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Huawei, ZTE are tools of Chinese hegemony in Asia, says former US National Security Advisor John Bolton

John Bolton
Ambassador John Bolton, National Security Advisor, signs the commander’s guest book during his visit to USSTRATCOM at Offutt Air Force Base, Neb., Feb. 14, 2019. The Ambassador observed USSTRATCOM’s combat-ready force, engaged in discussions with senior leaders and thanked warfighters for their service to the nation. Bolton’s visit also highlighted USSTRATCOM’s critical role in the National Security Strategy. (U.S. Air Force photo by Master Sgt. April Wickes)

Taking control of 5G through “what seemed to be commercial companies like Huawei and ZTE” is a long-term Chinese strategy to assert its hegemony over Asia, former American National Security Advisor John Bolton said. To combat China’s global dominance, the rest of the world would have to “think strategically in response”, he said in an interview with CNN-News18. India may want to look at participating in global consultations about that, as it already has in a trilateral consultation with Japan and the US, Bolton said.

Bolton further said that China has not behaved responsibly in the World Trade Organisation (WTO) and continues to steal intellectual property. He is not the only American to accuse China of intellectual property theft. Earlier, White House adviser Peter Navarro had said that TikTok and other apps developed by Chinese-owned companies are obligated to share information with the Communist Party of China and “agencies which want to steal our intellectual property”.

This is not the first time that Bolton has raised doubts about Huawei and ZTE’s links with the Chinese government. In an excerpt from his book The Room Where It Happened: A White House Memoir, he had written, “The most important goal for Chinese ‘companies’ like Huawei and ZTE is to infiltrate telecommunications and information-technology systems, notably 5G, and subject them to Chinese control”. And he also wrote that US President Donald Trump reversed penalties imposed on ZTE by the US Commerce Department, and offered to reverse criminal prosecution against Huawei to improve his chances of getting re-elected through Chinese intervention.

Bolton is currently on a virtual publicity tour of his book that has included him unironically dispensing advice about diplomacy on the US-China relationship, safeguarding elections to Israel, commenting on Trump’s ineptitude, and his own voting preferences.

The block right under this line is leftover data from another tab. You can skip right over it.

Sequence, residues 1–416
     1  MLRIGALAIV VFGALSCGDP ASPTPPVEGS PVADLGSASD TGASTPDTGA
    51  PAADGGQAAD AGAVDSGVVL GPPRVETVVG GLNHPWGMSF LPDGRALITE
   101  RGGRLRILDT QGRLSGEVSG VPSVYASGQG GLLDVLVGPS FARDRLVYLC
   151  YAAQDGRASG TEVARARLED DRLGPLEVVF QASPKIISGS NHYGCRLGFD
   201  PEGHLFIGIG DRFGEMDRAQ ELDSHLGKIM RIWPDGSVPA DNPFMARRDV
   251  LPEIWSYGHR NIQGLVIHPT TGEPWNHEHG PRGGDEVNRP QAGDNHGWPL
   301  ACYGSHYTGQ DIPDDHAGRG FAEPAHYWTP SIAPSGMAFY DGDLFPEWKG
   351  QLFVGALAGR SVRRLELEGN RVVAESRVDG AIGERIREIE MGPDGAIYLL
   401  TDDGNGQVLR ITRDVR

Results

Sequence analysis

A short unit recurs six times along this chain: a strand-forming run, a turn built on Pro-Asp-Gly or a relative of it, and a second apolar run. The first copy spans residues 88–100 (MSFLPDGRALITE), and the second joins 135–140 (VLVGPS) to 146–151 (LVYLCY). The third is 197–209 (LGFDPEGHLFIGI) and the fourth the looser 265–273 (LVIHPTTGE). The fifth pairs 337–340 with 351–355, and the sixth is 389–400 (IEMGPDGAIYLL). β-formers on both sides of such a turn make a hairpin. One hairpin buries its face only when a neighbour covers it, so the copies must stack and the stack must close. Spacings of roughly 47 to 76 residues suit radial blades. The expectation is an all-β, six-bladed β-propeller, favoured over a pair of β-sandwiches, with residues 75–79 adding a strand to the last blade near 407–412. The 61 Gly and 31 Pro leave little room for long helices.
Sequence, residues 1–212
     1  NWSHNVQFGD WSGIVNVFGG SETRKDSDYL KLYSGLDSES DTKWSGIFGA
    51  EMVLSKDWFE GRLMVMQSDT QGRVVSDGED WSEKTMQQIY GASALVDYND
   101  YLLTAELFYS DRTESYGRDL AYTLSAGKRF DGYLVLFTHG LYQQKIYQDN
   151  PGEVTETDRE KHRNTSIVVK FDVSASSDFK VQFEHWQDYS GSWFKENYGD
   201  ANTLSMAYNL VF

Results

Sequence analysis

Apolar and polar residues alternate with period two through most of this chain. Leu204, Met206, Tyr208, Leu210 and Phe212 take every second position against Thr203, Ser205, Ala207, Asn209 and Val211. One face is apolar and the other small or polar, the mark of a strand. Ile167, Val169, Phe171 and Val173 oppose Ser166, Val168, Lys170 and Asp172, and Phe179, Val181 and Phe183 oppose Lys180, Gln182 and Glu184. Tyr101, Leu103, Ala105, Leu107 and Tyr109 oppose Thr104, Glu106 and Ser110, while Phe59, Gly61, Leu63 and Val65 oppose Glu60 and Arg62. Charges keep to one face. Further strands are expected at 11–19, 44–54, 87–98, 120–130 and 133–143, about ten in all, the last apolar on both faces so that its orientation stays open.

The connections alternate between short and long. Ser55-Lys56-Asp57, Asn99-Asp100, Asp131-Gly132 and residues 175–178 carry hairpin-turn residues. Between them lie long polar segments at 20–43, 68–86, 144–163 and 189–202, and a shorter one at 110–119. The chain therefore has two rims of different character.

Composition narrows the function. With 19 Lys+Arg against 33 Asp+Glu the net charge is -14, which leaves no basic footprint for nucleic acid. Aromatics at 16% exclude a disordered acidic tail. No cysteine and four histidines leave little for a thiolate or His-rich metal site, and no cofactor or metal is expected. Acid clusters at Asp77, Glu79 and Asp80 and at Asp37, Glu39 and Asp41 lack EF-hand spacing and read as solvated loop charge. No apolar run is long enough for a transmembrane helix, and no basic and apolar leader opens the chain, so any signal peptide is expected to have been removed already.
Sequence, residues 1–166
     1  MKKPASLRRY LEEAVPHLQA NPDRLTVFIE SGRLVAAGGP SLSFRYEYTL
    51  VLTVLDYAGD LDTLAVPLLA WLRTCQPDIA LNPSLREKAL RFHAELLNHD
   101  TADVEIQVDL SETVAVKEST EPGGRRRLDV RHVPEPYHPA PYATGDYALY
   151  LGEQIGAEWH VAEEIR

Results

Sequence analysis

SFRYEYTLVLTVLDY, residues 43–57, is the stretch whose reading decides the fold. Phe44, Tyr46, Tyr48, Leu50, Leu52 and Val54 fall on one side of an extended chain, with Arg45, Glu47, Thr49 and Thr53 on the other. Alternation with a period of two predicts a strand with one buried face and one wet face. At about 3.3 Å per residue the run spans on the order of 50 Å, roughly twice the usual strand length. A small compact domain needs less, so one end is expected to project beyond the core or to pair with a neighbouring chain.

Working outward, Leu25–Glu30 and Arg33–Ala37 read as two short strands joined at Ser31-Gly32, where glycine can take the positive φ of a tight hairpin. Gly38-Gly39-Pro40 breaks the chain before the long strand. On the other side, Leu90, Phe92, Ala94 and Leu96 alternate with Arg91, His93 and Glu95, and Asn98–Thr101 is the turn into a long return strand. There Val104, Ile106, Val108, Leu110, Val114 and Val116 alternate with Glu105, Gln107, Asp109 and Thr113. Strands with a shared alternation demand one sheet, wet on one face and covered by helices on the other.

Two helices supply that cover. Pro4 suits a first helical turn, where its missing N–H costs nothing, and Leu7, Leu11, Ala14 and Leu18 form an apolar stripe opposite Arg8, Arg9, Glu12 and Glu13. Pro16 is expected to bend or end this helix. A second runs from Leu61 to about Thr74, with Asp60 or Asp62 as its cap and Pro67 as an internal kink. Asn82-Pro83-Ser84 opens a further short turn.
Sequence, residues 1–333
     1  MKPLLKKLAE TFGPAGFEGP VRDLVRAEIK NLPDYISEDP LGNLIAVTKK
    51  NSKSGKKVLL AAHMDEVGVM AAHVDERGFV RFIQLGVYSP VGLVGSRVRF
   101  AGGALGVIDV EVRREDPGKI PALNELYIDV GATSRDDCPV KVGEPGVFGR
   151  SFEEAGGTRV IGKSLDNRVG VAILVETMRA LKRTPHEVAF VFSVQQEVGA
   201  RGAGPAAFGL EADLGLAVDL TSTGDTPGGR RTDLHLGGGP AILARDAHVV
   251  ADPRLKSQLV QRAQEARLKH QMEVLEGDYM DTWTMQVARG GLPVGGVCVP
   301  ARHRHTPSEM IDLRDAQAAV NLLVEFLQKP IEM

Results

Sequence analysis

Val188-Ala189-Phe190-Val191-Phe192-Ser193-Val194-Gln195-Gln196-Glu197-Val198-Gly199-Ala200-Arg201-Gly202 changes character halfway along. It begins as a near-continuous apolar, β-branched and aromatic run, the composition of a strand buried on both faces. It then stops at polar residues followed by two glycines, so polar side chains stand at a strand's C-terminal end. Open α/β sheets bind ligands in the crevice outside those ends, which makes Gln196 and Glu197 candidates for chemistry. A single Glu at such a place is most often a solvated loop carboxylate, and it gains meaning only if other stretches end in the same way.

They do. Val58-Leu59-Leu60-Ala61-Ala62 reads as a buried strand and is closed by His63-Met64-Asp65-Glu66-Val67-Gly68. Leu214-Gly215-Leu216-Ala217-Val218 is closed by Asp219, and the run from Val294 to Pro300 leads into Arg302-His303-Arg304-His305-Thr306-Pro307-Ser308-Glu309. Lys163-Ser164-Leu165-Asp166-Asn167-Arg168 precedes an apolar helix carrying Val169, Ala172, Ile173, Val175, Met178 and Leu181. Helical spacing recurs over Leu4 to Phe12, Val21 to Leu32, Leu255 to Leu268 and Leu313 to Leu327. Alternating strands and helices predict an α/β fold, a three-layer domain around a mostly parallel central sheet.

Huawei has had a rough few years

Bolton is not the only American to be wary of Huawei and ZTE. On June 30, the Federal Communications Commission of the US had designated Huawei and ZTE as national security threats.

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And USA is not the only country to treat Huawei with suspicion. On July 14, the UK announced that telecom equipment from Huawei will be phased out of the country’s 5G infrastructure by 2027. The European Union, on the other hand, had told its member states that they could use 5G equipment from high-risk vendors such as Huawei but there would need to be strict regulations in place to counter any potential national security threat.

Although India had approved Huawei and ZTE’s participation in 5G trials, after the Indo-China border clashes in June and the subsequent Indian ban on 59 Chinese apps, the Indian government is also reportedly considering bans on the two telcos. BSNL has also cancelled a 4G supply tender so that it can be reworked to make Chinese vendors ineligible.

One Indian company has sought to capitalise on this — Reliance Jio. On July 15, at the company’s annual general meeting, Reliance chairperson and managing director Mukesh Ambani had announced that Jio is now ready to deploy 5G network trials in India as soon as spectrum is available and that the 5G technology was built “from scratch” by Reliance employees. Playing on the same fear earlier, during US President Donald Trump’s visit to India in February 2020, Ambani had proclaimed before him that Jio is the only network in the world that doesn’t have a single Chinese component in its network.

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